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Jennifer Hudson: Can it get much sadder than this?

January 23, 2012

I hardly need to introduce Jennifer Hudson, nor do I need to remind you of her recent decision to shill for Weight Watchers. Yesterday, however, I saw this on TV:

See, I had never heard of Jennifer Hudson before I saw her Weight Watchers commercials. I didn’t know what she looked like before WW. If I had recognized her, I would have known what to expect, but I didn’t.Anyway, at first glance, it looks like a public service announcement for eating disorders or body image advocacy. It could also have been a plea from some performing arts organization. Maybe they want us to give the gift of music to underprivileged teens. Either way, Jennifer Hudson was attractive and talented in this commercial. Then the new, improved, thinner JH appears and I roll my eyes.

Isn’t it just sad that someone with so many achievements as a performer is more proud of her weight loss than anything else? Isn’t it sad that, in spite of her achievements as a plus-sized woman, she didn’t believe in herself until now? Shouldn’t she be singing this in praise of her fat self for overcoming the prejudices of others?

But this has been said before.

What bothers me more is the way they bring you in. Most people (except for hard-core fat haters) would be encouraged by seeing a fat woman having a good time, being the center of attention, and succeeding in life. They use an image of a well-dressed fat woman singing specifically about believing in oneself. Then the scene changes into one that focuses on thin privilege. By the time you realize what is going on, you see the advert.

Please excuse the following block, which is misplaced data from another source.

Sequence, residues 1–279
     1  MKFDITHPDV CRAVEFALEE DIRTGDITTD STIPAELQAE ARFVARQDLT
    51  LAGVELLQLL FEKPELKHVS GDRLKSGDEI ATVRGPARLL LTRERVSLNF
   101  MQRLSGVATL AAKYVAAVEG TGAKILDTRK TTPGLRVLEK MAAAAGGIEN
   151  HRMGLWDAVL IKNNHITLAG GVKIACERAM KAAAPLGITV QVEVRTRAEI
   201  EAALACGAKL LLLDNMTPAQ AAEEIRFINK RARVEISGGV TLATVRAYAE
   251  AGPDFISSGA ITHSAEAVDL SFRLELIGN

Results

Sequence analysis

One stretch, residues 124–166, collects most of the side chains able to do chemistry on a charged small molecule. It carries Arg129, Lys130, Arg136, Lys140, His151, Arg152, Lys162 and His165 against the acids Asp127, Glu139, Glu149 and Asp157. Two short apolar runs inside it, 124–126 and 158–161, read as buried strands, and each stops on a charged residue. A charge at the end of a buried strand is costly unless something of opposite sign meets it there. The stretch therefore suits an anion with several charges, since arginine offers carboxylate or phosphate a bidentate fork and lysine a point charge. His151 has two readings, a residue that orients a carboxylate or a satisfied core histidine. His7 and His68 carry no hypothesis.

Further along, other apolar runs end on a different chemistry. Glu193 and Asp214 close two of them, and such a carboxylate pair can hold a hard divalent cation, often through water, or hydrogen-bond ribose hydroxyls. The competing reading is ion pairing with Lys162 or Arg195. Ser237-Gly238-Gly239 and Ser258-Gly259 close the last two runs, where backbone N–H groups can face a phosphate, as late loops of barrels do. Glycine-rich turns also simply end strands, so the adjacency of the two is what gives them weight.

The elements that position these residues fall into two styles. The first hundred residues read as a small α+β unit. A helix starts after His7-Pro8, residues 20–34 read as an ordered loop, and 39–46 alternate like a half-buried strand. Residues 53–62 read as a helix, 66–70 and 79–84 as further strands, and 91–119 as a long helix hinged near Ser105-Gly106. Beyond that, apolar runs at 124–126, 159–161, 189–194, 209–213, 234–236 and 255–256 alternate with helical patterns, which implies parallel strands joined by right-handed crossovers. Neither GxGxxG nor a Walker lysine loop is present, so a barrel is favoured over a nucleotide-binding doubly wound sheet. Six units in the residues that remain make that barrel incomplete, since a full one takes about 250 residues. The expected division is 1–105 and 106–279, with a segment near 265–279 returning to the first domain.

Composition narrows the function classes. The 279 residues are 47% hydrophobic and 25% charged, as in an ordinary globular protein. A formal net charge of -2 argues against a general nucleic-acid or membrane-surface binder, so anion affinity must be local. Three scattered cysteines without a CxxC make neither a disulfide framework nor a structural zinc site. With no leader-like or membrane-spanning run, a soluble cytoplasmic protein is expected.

The message is clear: even if you succeed as a fat woman, the way to keep going is to stay thin. After all, you are obviously worth it. Why wouldn’t you give yourself the best treatment possible? A hot bod and an “easy, delicious” diet plan?

I guess they realized that the “before” and “after” photos weren’t cutting it?

Whatever.

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18 Comments leave one →
  1. January 23, 2012 11:14 am

    This commercial saddens me every time that I see it. She is such a talented woman. I absolutely ADORED her in Dreamgirls. And I’m happy that she has found a way to be happy with herself. That was the path she chose to follow, and she did so. Very cool. But I’m sad that, as you say, she is giving the message that Talent is worth less if you are Fat.

  2. January 23, 2012 11:21 am

    The difference- to me- isn’t even that noticeable. For all the hard work and effort she puts in shoving her lifestyle changes down our throats, the results are less than stellar. Seems to me her natural body is larger and she hasn’t come to terms with that. That is the saddest part.

  3. vesta44 permalink
    January 23, 2012 12:45 pm